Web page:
Thanks to Franklin Delano Roosevelt's Socialist Programs of the New Deal, the notion that it was an American's "right" to own a home by means of government subsidies was so firmly entrenched in the American mindset, Fannie Mae not only grew, but in 1968, as a part of Lyndon Johnson's societal engineering agenda, Fannie was converted into a private corporation and the ability to guarantee government-issued mortgages was switched from Fannie Mae to the federal government's newest creation, Ginnie Mae (Government National Mortgage Association). This meant that Fannie would begin to operate with private capital on a self-sustaining basis.
In 1970, Fannie Mae was authorized to buy conventional mortgages, and by the 1980s it began to purchase second mortgages and adjustable-rate mortgages. In the 80's it also commenced its mortgage-backed securities scheme.
Between Fannie Mae and Freddie Mac (another GSE), the largest source of cash for home buying in the United States was in existence, and they accounted for almost 50% of all mortgage bonds sold through April of 2007. Since the beginning of 2006, however, over fifty mortgage companies discontinued operations, claimed bankruptcy, or sought a buyer. Fannie Mae, however, continued to flourish until recent months. Since the end of March 2007, Fannie Mae's stock price increased by almost 20% whereas the S&P 500 Index had risen only 8.1% by July of that year.
Fannie Mae was a New Deal innovation, created by and for the federal government. This gives it different abilities and freedoms than your usual corporations, which are generally chartered by the states. The sole purpose of this federally chartered, quasi-private entity was to directly intervene in the housing market while avoiding a more conspicuous regulatory apparatus governed by rules. This allowed the government to advance and steer the government's progressive entitlement programs put in place by the New Deal without anyone ever really taking notice. Meanwhile, Fannie Mae expanded into mortgage insurance, sub-prime mortgages, and non-mortgage investments, exposing taxpayers to a massive risk of default or bankruptcy.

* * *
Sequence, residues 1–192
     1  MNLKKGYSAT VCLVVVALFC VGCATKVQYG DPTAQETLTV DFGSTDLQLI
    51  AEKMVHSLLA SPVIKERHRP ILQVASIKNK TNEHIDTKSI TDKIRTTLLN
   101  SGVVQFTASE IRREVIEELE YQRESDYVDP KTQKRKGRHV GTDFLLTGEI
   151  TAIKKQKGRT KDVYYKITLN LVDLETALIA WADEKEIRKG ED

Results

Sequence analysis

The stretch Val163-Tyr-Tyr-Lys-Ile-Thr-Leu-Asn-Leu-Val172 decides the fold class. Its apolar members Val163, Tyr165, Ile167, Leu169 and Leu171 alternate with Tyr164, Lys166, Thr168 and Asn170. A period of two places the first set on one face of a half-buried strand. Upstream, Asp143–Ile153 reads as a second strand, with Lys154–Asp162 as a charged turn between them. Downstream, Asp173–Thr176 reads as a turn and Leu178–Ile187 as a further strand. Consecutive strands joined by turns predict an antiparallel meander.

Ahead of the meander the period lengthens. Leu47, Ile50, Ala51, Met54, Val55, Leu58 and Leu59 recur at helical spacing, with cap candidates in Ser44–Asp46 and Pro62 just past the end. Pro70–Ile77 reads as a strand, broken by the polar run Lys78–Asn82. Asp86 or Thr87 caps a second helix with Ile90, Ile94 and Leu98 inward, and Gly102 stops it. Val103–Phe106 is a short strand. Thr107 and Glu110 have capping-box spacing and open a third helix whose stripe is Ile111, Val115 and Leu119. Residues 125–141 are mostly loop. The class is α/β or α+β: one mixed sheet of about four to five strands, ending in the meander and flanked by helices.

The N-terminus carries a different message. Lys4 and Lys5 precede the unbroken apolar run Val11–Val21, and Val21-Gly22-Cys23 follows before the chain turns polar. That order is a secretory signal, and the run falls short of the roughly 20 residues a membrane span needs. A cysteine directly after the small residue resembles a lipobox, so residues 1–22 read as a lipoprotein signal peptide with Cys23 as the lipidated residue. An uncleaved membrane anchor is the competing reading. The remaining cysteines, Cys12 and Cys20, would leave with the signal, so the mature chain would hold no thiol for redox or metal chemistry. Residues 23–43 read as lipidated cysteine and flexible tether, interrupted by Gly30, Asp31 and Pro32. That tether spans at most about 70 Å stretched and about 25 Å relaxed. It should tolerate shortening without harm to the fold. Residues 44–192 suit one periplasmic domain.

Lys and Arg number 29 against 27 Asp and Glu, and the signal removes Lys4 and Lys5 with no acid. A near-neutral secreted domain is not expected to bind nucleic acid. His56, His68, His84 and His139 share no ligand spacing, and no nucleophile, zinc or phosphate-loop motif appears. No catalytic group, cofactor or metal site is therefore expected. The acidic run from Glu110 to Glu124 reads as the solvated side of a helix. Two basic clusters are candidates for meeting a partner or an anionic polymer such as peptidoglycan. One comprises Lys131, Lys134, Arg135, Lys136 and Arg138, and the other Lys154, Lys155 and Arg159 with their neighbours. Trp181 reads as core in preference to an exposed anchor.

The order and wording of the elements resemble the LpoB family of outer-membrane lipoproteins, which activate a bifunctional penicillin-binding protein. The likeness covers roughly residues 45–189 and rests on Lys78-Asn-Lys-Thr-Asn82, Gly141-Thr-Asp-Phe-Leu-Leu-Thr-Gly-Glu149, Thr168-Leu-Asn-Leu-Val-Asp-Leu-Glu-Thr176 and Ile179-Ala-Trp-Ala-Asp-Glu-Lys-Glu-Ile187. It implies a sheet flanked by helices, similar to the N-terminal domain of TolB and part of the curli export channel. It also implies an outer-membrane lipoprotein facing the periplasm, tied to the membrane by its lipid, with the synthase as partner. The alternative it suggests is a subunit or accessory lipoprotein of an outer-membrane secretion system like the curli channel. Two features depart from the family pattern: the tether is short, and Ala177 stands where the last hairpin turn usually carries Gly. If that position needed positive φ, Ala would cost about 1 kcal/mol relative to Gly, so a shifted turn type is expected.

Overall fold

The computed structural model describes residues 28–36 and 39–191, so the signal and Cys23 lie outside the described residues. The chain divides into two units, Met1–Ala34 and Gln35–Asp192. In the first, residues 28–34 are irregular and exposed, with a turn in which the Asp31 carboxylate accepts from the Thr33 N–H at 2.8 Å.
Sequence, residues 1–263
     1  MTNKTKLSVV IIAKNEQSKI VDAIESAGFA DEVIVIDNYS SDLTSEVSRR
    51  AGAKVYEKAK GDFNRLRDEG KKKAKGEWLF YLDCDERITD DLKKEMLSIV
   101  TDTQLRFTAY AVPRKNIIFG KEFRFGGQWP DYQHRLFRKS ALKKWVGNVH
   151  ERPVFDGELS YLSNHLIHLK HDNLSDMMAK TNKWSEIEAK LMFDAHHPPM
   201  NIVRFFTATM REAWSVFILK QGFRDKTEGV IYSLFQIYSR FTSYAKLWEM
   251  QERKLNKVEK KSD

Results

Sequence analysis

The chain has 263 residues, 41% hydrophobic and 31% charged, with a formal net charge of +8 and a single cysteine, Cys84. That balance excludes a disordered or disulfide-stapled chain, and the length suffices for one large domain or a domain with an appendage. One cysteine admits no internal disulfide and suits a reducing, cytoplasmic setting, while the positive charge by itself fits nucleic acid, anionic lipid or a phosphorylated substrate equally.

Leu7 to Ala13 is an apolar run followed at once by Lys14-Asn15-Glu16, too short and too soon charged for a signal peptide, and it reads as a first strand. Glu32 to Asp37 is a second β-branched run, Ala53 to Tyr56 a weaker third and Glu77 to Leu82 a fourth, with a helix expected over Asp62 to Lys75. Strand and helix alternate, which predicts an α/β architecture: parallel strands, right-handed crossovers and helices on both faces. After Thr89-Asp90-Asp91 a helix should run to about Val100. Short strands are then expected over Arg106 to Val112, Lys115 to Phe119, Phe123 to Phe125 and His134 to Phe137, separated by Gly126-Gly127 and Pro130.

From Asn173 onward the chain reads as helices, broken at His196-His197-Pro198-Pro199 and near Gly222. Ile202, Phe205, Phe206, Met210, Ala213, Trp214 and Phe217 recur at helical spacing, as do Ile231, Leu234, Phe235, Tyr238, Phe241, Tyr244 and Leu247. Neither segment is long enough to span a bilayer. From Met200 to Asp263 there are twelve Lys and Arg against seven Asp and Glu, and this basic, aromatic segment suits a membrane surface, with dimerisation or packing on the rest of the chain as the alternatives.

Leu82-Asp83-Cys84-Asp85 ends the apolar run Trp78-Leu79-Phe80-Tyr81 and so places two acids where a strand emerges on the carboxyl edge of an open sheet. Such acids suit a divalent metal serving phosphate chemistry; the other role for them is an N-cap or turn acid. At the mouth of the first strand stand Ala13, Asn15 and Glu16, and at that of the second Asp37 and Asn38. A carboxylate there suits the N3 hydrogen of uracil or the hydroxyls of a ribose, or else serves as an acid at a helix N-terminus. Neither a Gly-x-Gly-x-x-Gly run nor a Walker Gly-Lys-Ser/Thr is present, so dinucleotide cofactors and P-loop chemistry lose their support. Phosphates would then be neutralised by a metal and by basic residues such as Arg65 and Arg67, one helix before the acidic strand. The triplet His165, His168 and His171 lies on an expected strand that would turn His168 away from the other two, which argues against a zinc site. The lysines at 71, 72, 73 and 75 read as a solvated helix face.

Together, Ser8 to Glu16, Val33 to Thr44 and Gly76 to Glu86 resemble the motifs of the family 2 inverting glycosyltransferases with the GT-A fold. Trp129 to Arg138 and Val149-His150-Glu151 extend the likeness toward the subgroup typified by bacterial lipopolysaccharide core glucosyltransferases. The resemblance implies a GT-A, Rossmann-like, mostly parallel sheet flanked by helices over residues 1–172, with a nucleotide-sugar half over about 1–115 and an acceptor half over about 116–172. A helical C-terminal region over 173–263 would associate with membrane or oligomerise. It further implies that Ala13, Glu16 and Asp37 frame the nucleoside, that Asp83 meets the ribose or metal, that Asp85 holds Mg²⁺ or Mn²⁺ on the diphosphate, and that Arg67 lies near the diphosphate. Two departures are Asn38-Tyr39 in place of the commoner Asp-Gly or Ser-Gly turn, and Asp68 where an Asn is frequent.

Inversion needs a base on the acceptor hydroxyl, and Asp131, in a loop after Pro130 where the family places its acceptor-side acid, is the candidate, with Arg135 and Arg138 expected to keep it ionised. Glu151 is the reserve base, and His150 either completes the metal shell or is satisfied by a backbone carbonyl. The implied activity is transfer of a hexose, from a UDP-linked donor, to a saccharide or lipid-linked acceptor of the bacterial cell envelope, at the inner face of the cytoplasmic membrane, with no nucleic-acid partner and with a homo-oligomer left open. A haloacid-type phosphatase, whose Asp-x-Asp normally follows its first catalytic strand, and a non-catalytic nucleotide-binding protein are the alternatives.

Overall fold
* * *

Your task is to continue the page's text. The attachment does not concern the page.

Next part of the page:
The Founding Fathers wrote the U.S. Constitution to limit the powers of the Federal Government, and they were specifically suspicious of judges and banks. The first step toward the centralization of banking through the Federal Reserve Act which was signed into law by Woodrow Wilson, a Democrat. The New Deal Programs by FDR, and the expansion of entitlement programs by Lyndon B. Johnson, were strictly against what the Founding Fathers intended, and these Democratic Party programs are now falling apart because of their unconstitutional characteristics.
As the government now takes another step towards centralizing control over banks, and further expanding entitlement programs, the consequences for poor decisions by individuals are not being paid. Now, with this program to bailout mortgages and save the banks, the taxpayers that were not driven by greed and arrogance are being punished.
Government manipulation is the cause of the problems we see rising in the economy and banking system. And government manipulation, and control, is going to exacerbate the problem. As painful as it may seem, to straighten out this mess the banks need to collapse, the home owners who are currently in foreclosure need to lose their homes and move into more affordable accomodations like apartments, and we need to all buckle down, and get through this together, without government intervention.
If we don't bear the burdens of our mistakes as individuals, before the next dozen years are finished, we will be steamrolling in the direction of socialism, the "privilege" of home ownership will be gone, and it will take a revolution to turn us around to head back in the direction of liberty, and the American Way.
by Douglas V. Gibbs
Constitution Radio: Republic Review
1 day ago